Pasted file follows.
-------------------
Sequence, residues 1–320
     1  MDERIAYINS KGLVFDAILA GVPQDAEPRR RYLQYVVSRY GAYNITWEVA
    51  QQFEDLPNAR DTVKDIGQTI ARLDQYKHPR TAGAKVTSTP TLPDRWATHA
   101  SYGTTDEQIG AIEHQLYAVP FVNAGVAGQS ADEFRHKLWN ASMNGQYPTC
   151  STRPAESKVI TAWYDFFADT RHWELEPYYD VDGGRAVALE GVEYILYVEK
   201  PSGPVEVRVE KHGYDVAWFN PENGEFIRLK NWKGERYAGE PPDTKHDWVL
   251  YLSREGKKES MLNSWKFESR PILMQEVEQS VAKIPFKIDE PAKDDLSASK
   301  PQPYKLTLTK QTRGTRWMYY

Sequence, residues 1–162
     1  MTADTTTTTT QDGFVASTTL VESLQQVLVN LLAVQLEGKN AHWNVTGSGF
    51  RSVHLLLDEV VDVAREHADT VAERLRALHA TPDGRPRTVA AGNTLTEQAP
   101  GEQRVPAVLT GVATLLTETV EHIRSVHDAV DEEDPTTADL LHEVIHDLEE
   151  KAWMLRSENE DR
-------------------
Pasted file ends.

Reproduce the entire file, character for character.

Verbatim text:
Sequence, residues 1–320
     1  MDERIAYINS KGLVFDAILA GVPQDAEPRR RYLQYVVSRY GAYNITWEVA
    51  QQFEDLPNAR DTVKDIGQTI ARLDQYKHPR TAGAKVTSTP TLPDRWATHA
   101  SYGTTDEQIG AIEHQLYAVP FVNAGVAGQS ADEFRHKLWN ASMNGQYPTC
   151  STRPAESKVI TAWYDFFADT RHWELEPYYD VDGGRAVALE GVEYILYVEK
   201  PSGPVEVRVE KHGYDVAWFN PENGEFIRLK NWKGERYAGE PPDTKHDWVL
   251  YLSREGKKES MLNSWKFESR PILMQEVEQS VAKIPFKIDE PAKDDLSASK
   301  PQPYKLTLTK QTRGTRWMYY

Sequence, residues 1–162
     1  MTADTTTTTT QDGFVASTTL VESLQQVLVN LLAVQLEGKN AHWNVTGSGF
    51  RSVHLLLDEV VDVAREHADT VAERLRALHA TPDGRPRTVA AGNTLTEQAP
   101  GEQRVPAVLT GVATLLTETV EHIRSVHDAV DEEDPTTADL LHEVIHDLEE
   151  KAWMLRSENE DR